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Gigi & Nate : Review / A Compassionate Tale Portraying Empathetic Communication Amongst Earthlings

Director Nick Hamm — who won the BAFTA with the short film The Harmfulness of Tobacco, and directed successful films such as The Journey and Driven — returns with an upcoming coming-of-age drama. Gigi & Nate is based on a true story of a quadriplegic and a capuchin monkey, penned by screenwriter David Hudgins.

The narrative brings forth the empathetic communication amongst Earthlings: a quadriplegic human being (Nate) and a service monkey (Gigi). It all begins during the age of innocence when Nathaniel Gibson (Charlie Rowe), an athletic and free spirited teenager, is ready to head off to college. During Independence Day he spends a day at the lake with his friends. This episode changes the course of his life forever. Nate leaps off a cliff and plunges into the waters where he contracts primary amoebic meningoencephalitis — a rare infection that forces him to struggle between life and death. When he wakes up he comes to terms with his new existence: a paralysis of all limbs that seems void of any hope for his future. 

After a few years the daily routine of the entire family has changed, adapting to Nate’s new condition. His mother Claire (Marcia Gay Harden) has given upon on her career as a painter to tend to him day and night; his father Dan (Jim Belushi) is the sole breadwinner; his sister Katy (Josephine Langford) as a senior in college feels it is her turn and responsibility to look after Nate; his younger sister Annabelle (Hannah Alligood) still lives at home and helps as much as she can; his grandmother Blanche (Diane Ladd) is also an active member of the household. Even the structure of the house has been transformed to accommodate Nathaniel’s physical needs. But psychologically the twenty-tree year old is willing to let go of life, seeing no future ahead, until the family decides to get him a service animal: a creature trained to respond to his most basic needs, a female rescue capuchin monkey named Gigi. 

Gradually the bond between Nate and this clever primate not only lifts his spirits, but allows him to make progress with his physical movement exercises. Gigi goes wherever Nate goes, even at the supermarket where he rekindles with Lori (Zoe Colletti) — a shop employee whom he had met during the summer of his accident. Yet, the new acquired serenity of the Gibsons is jeopardised when a cantankerous animal activist Chloe Gaines (Welker White), sees Gigi and Nate at a grocery store and argues that monkeys shouldn’t be treated as pets. The situation precipitates when photos of Gigi and Nate at a party with alcohol go viral and Chloe pushes to bring her case to court. During the trial Nate desperately tries to convince the judge that he needs Gigi to survive. Unfortunately, the verdict is against him but there is ultimately a twist of events that provides the coveted happy ending.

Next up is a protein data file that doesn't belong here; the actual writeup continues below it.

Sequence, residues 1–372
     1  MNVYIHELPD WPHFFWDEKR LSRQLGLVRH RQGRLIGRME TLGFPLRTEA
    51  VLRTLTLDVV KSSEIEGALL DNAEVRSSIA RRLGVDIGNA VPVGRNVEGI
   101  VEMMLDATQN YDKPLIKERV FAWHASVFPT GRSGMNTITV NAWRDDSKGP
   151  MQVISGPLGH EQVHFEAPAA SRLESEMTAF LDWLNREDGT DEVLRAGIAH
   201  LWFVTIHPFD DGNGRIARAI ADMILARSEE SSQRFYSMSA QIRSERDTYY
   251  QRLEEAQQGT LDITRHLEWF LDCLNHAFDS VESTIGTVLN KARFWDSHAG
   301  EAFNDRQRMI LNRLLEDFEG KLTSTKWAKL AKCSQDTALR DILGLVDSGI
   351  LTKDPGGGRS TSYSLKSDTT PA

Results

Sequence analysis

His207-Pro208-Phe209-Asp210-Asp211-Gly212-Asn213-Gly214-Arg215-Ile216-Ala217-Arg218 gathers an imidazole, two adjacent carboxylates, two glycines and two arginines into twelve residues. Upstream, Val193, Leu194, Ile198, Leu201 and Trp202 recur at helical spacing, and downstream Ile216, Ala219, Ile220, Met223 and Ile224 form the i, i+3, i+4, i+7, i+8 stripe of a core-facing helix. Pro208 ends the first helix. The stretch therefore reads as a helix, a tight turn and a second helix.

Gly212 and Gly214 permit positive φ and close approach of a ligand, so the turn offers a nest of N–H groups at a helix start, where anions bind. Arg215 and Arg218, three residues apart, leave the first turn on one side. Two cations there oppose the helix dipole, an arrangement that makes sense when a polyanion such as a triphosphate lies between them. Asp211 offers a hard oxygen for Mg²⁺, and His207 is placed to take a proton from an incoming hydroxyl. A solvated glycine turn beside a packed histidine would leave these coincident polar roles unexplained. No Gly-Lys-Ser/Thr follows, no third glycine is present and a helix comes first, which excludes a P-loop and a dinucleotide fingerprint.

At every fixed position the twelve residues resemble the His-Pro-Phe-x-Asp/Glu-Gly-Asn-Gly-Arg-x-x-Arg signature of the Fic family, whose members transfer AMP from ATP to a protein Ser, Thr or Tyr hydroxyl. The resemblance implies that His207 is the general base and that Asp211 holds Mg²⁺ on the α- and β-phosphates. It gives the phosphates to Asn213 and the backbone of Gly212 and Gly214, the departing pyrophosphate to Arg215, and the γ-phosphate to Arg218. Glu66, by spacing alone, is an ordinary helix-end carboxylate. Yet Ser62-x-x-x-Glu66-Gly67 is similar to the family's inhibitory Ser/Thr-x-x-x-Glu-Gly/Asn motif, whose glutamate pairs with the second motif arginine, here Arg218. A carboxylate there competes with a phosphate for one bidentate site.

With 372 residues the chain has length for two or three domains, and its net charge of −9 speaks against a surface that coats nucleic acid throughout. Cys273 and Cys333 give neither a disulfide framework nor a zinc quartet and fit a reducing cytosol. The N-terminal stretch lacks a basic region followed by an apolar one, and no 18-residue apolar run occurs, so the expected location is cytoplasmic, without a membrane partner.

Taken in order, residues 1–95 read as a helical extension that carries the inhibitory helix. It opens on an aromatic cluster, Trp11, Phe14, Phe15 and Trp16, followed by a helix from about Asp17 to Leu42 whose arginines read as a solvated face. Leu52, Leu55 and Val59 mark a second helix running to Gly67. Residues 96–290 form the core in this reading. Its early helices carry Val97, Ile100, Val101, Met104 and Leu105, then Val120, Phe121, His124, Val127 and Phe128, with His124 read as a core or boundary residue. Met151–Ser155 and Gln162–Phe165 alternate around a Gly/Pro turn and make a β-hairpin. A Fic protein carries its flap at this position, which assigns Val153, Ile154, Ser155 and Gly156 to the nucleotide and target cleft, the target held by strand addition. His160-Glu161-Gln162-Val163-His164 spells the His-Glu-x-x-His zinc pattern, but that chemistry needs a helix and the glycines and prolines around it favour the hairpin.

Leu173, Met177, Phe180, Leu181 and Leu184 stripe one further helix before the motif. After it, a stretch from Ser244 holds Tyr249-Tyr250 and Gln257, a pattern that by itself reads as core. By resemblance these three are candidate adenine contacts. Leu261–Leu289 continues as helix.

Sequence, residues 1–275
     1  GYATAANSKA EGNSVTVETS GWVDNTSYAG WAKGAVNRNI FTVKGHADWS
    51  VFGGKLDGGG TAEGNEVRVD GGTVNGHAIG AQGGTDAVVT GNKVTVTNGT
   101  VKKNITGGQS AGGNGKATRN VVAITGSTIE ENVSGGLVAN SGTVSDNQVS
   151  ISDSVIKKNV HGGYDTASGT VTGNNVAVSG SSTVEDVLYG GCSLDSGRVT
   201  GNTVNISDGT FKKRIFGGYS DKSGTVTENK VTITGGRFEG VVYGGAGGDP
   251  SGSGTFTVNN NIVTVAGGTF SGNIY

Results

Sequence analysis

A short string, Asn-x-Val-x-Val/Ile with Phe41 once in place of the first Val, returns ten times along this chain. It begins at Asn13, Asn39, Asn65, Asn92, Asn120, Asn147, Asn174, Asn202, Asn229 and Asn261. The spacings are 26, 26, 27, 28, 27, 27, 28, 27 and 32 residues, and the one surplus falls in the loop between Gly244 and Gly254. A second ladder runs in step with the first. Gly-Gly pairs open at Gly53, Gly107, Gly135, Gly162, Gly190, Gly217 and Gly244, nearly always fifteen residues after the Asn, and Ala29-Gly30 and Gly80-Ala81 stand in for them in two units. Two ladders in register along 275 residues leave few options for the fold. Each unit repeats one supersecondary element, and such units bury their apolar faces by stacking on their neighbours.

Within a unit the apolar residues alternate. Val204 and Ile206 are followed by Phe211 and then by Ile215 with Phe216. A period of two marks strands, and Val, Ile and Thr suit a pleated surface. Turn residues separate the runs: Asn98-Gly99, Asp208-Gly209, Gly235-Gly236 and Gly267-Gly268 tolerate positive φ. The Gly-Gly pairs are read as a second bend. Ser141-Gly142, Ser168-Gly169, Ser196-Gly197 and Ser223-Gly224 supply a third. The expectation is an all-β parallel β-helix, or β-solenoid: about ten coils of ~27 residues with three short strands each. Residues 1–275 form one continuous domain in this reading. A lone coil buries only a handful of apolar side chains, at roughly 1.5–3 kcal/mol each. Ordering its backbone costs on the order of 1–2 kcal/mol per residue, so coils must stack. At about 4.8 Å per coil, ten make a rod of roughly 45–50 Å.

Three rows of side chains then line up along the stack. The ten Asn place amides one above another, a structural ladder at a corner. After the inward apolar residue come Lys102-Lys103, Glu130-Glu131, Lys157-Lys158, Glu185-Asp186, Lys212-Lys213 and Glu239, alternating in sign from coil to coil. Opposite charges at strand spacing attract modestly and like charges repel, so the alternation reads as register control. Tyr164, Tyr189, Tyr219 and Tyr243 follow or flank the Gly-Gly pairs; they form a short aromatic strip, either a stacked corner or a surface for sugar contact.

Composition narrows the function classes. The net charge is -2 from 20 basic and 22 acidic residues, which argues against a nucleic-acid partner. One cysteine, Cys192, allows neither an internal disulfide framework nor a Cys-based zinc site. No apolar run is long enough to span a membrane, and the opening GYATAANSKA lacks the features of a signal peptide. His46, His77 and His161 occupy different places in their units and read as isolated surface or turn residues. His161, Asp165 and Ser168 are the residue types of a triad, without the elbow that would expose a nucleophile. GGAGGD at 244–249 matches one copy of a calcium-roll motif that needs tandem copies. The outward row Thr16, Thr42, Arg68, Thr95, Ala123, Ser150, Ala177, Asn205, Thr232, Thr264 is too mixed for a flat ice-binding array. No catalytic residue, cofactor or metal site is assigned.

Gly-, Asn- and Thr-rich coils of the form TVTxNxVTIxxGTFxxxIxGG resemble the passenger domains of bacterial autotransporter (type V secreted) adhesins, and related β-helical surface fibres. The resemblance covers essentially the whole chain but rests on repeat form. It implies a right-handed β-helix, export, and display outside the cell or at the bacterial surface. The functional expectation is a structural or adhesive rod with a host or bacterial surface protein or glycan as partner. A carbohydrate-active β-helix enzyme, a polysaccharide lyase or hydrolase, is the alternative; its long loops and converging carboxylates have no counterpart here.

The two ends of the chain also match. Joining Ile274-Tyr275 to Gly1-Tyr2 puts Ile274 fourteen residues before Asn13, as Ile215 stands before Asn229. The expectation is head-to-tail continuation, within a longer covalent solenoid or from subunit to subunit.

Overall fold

Gigi & Nate is an excruciating emotional ride. However, the heart-wrenching journey is exceptionally uplifting. This story is not only a tale about resilience, but about the strength and mutual growth that occurs when two creatures are empathetic to one another. In this story the non-verbal communication occurs between a primate and a member of the human race. Words aren’t necessary to explain the physical pain and psychological humiliation that perturb Nate. Gigi is an attentive observer and perceives all that he feels. She responds in a playfully maternal manner, by running to his aid on a day to day basis. Gigi helps Nate turn the pages of a book he might be reading, or helps him scratch an itch, and little by little she shows him how life can be worth living once more. He acquires a new purpose because this clever, committed and devoted monkey needs him too.

The entire cast is extraordinary, starting from actor Charlie Rowe playing the titular quadriplegic, to all the actors playing the Gibson family members who bring a sympathetic energy to their characters. Even Allie, the monkey in the role of Gigi, demonstrated such star power that the original title of the film, Evolution of Nate Gibson, was changed to shine a light on her in the billing.

Filmmaker Nick Hamm majestically portrays the unity and strength of a family, focusing on the truth of what a situation of this kind might entail and the consequent emotions it may trigger. Hardships and sacrifices intertwine with hope and spiritual rebirth. Recovery is what is ultimately achieved, as Nate finally finds a way to build his future from where his life had been interrupted.

The tragic yet comedic adventures of Gigi & Nate, will move audiences to tears by showing how a love story between a human being and an animal can inspire us all to see the world in a whole new way.

Final Grade: A

Check out more of Chiara’s articles.

Chiara Spagnoli Gabardi
Chiara Spagnoli Gabardihttps://www.cinemadailyus.com
Works as film critic and journalist who covers stories about culture and sustainability. With a degree in Political Sciences, a Master’s in Screenwriting & Film Production, and studies at the Lee Strasberg Theatre & Film Institute, Chiara has been working in the press since 2003. Italian by blood, British by upbringing, fond of Japanese culture since the age of 7, once a New Yorker always a New Yorker, and an avid traveller, Chiara collaborates with international magazines and radio-television networks. She is also a visual artist, whose eco-works connect to her use of language: the title of each painting is inspired by the materials she upcycles on canvas. Her ‘Material Puns’ have so far been exhibited in four continents, across ten countries. She is a dedicated ARTivist, donating her works to the causes and humanitarians she supports, and is Professor of Phenomenology of Contemporary Arts at Istituto Europeo di Design in Milan.

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